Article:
Think of it as a virtual version of the backyard fence, neighbor chatting with neighbor, neighborhoods using social networking to create a more connected community.
That's the notion behind Nextdoor, a free social networking platform for neighborhoods that launched in Davis last month.
Davis is one of 42 cities whose neighborhoods have linked to the San Francisco-based network since Nextdoor's nationwide launch in 2011. They include Rancho Cordova, which joined the network in January. More than 600 Nextdoor websites are online in Northern California neighborhoods alone.
Neighborhood groups use the Nextdoor platform to create and manage their own websites. Residents sign onto the sites to share community goings-on and city events, organize neighborhood watches as well as pass on safety and other information. Cities can also post information to the websites, but the sites are accessible only to that neighborhood's residents.
Davis residents can learn more about Nextdoor at http://cityofdavis.org/ neighbors/nextdoor.cfm
"It's a tool to bridge people," said Steve Fineberg of Davis' Stonegate neighborhood, an organizer of Davis' annual Neighbors' Night Out events and one of the first group in the city who will launch Nextdoor sites. "Neighbors know they can communicate with each other when and where they want to."
That was on the minds of Nextdoor's founders witnessing the explosion of social networks from Facebook to LinkedIn.
"Those (networks) were all great, but we wanted to use technology to connect with the people with whom we share a community," said Sarah Leary, Nextdoor co-founder and vice president. "Neighborhoods are the original social network. Unfortunately, in America, there's been a decline in connectedness with neighbors."
Leary cited a 2010 Pew Research Center study that found fewer than one in three people knew some of their neighbors, while 28 percent knew none by name.
But those same neighbors "had an extremely high desire to know more of their neighbors," Leary said. "We saw that as a huge opportunity."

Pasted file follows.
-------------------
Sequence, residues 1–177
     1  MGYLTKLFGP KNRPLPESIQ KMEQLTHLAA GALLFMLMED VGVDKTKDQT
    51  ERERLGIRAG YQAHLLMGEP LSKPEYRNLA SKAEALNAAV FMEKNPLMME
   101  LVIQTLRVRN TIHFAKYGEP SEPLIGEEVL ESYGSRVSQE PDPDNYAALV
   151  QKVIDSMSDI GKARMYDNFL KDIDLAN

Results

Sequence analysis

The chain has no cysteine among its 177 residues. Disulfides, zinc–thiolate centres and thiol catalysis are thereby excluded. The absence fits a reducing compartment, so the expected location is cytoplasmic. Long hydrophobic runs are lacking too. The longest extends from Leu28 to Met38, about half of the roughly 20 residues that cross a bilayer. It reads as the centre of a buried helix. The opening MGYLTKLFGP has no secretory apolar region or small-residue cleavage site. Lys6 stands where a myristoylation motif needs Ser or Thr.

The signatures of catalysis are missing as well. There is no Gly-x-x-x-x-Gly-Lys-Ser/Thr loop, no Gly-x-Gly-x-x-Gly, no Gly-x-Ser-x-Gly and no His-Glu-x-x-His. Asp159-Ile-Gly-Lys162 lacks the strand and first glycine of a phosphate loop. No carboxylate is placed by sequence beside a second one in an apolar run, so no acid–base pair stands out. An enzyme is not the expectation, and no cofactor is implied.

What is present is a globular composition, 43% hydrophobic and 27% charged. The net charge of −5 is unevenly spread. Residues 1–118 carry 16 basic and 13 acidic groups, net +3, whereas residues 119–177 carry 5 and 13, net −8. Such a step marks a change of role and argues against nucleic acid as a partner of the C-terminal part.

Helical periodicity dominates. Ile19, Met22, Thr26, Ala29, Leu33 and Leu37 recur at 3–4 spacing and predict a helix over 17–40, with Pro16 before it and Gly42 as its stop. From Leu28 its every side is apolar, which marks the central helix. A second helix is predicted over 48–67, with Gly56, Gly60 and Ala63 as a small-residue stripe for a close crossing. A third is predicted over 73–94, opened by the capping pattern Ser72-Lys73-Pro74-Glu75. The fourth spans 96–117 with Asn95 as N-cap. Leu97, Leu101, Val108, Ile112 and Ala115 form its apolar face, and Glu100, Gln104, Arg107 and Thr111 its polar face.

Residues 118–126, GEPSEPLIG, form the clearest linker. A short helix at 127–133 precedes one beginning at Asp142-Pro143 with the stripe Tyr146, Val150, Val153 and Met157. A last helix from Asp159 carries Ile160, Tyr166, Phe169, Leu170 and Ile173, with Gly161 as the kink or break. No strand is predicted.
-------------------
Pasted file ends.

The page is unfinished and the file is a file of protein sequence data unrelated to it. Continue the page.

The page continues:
Cities can target messages to specific streets and neighborhoods -- from construction updates and road closures to crime and other alerts.
"It's a great advantage for a city," said Kelsey Grady, a Nextdoor spokeswoman. "It could be about a gas leak or a rash of break-ins. It's a great way to communicate. It's more effective than a city page and it's relevant to the people who live there."
In Rancho Cordova, for instance, Nextdoor fit into that city's larger citizen involvement initiative, "Growing Strong Neighborhoods," while its police saw the platform's community policing and neighborhood watch potential, said Rancho Cordova city spokesman Troy Holt.
"We have many ways of pushing information out to people, but Nextdoor actually got people to talk with themselves," Holt said.
Holt is more familiar than most with Nextdoor. He launched a website in his Wildhorse neighborhood in Davis.
Davis, with its civically engaged, wired neighborhoods, also saw an opportunity in the new technology.
Leary and Nextdoor approached Davis in January and began working with the city in earnest about six weeks ago.
That the network is free is also a selling point for today's cash-crunched cities, said Stacey Winton, a community partnership coordinator in the city manager's office.
"We had a good neighborhood network in town and it's no cost to the city or residents," she said.
Today, 33 Davis neighborhoods are set up for the social network, Winton said. Four have websites up and running: Aspen, Old North Davis, Slide Hill Park and Wildhorse.
"When people connect online, they're more likely to get together in the real world," Leary said.
"When neighbors know each other, they look out for each other and build stronger, safer communities."
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